An interesting minor vampire movie, set in an oppressive, Soviet-style brutalist America which borrows slightly from the look of Brazil and was quick off the mark in going for Matrix knock-off wirework fight scenes. File it alongside Pale Creature, True Blood and Daybreakers in depicting human-vampire relations in an alternate world – which is here supposed to be the ‘near future’.
Cop Steve Grant (Bokeem Woodbine), angered by the death of his partner Phil (Reed Diamond) during a tussle with a super-powered murderer, is partnered with pencil-moustached Jewish vampire Aaron Grey (Adrian Paul), who represents an undead faction which would like to broker a treaty of co-existence with regular humanity. There are about four thousand vampires in the world and they’ve only recently announced their existence to regular humanity because they can now survive on a blood substitute devised by community leader Cross (Peter Halasz). NB: I looked it up – this debuted in July 2001, just three months after the publication of the first of Charlaine Harris’ Southern Vampire Mysteries, so it’s likely that The Breed just happened to come up with the same idea independently.
Accusing Grant of being a racist for his instinctive dislike of vampires, Grey helps the cop track the rogue, who seems intent on stirring up trouble between the two breeds of humanity. Along the way, Grant becomes intimate with the spectacularly strange Lucy Westenra (Bai Ling), who lives in a mansion with her vampire panther pet and models a succession of bizarre fetish outfits, and encounters a variety of bloodsucking oddballs, before learning that perfidious and possibly genocidal schemes are afoot in both human and vampire camps. Familiar faces like James Booth and William Hootkins show up as suspicious, fairly grotesque characters as the plot spins its wheels until the conspiracy unravels.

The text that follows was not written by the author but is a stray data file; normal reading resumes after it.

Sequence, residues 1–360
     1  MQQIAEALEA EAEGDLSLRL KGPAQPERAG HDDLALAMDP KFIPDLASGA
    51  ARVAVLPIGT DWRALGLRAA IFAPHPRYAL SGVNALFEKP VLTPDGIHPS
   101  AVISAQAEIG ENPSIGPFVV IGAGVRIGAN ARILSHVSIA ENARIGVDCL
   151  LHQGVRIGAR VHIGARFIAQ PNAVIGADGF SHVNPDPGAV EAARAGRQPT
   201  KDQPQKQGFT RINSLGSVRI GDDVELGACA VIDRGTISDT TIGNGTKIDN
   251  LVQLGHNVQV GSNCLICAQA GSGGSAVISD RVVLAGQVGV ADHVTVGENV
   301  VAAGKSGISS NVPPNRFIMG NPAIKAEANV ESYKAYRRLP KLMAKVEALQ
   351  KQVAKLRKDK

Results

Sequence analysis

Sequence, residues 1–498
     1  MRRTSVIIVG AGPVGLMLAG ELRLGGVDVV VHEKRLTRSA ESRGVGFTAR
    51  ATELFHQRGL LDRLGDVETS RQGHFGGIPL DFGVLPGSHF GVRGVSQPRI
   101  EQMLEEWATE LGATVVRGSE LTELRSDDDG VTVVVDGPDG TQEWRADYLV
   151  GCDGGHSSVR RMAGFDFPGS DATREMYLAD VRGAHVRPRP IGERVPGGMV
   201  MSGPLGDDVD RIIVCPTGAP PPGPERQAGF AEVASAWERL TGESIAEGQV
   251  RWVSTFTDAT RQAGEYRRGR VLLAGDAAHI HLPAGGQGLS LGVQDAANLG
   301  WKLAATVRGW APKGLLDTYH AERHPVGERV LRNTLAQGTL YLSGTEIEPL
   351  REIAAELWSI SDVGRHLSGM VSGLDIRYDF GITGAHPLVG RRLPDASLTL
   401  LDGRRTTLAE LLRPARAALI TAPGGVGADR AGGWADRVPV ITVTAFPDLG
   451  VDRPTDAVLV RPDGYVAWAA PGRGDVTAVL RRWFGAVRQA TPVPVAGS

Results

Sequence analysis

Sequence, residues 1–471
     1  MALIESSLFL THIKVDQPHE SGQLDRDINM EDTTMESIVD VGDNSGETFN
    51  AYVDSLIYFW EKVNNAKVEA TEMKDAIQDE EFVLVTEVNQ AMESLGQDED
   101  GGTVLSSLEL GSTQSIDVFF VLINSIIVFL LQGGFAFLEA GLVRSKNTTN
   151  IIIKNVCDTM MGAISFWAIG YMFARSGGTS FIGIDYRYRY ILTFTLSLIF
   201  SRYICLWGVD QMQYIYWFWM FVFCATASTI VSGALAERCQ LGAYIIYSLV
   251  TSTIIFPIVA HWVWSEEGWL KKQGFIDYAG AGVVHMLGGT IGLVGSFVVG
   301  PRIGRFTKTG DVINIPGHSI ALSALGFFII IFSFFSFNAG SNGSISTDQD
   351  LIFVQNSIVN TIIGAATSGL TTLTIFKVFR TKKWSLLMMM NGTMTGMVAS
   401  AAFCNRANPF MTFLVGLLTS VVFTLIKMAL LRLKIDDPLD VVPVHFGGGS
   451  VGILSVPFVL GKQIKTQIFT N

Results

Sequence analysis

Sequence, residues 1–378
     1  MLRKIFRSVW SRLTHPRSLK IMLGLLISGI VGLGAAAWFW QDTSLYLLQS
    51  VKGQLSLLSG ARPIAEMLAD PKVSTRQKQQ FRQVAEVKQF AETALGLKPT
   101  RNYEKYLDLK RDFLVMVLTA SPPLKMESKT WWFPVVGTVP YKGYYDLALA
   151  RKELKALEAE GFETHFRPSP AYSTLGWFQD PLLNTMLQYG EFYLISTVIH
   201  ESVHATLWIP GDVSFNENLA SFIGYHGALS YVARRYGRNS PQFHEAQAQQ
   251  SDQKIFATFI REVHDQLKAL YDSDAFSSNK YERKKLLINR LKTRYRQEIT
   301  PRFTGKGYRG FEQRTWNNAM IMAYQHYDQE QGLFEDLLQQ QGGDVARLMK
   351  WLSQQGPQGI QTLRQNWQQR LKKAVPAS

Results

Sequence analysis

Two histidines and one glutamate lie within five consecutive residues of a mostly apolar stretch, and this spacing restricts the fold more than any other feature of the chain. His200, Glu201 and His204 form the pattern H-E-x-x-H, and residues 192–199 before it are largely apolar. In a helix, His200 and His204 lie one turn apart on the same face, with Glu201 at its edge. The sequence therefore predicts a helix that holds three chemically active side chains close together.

An entry in the fantasy-cop mismatched partners sub-genre (cf: Alien Nation, Dead Heat), The Breed creates an interesting world, using Hungarian locations and Eastern bloc art direction and uniforms to depict an unusual America while staging fairly effective flying-through-the-air-all-guns-blazing action scenes. Woodbine’s weakly-written regular human hero is the weakest link, making less of an impression than the quickly-killed Diamond, who seems to be recreating his Homicide: Life on the Street role.
Grant could have been cut-and-pasted in from the James Caan alien-hater-who-learns-to-respect-his-alien-partner character of Alien Nation and is one of those handy heroes whose opinions and basic character see-saw according to the demands of the plot, but he comes off as a weasel rather than a protagonist. Paul, star of the TV Highlander spin-off, plays another immortal haunted by historical flashbacks (to World War Two); he manages to invest a potential caricature with wry humour and surprising depth.
Screenwriters Christos N. Gage (a comics writer) and Ruth C. Fletcher reuse a gruesome gag from Gage’s Teenage Caveman cable TV script, with the hero sticking a grenade into a superhuman villain’s ripped-open stomach, knowing the wound will heal over instantly and prevent the baddie from getting rid of the bomb before its messy detonation (this gimmick was poached for Underworld: Awakening).
Besides ‘Lucy Westenra’, the cast runs to other Stoker-derived or Dracula-associated character names: vampire-hating security chief John Seward (Ming Lo) and vampire psychoanalyst Dr Graf Orlock (Istvá Göz). There’s a Dr Bathory (Dianna Camacho) and (deep cut) a Calmet (Paul Collins) in there too, though I assume ‘Steve Grant’ is named after the comics writer (2 Guns). Directed by Michael Oblowitz, who uses as many Dutch angles as the Adam West Batman show.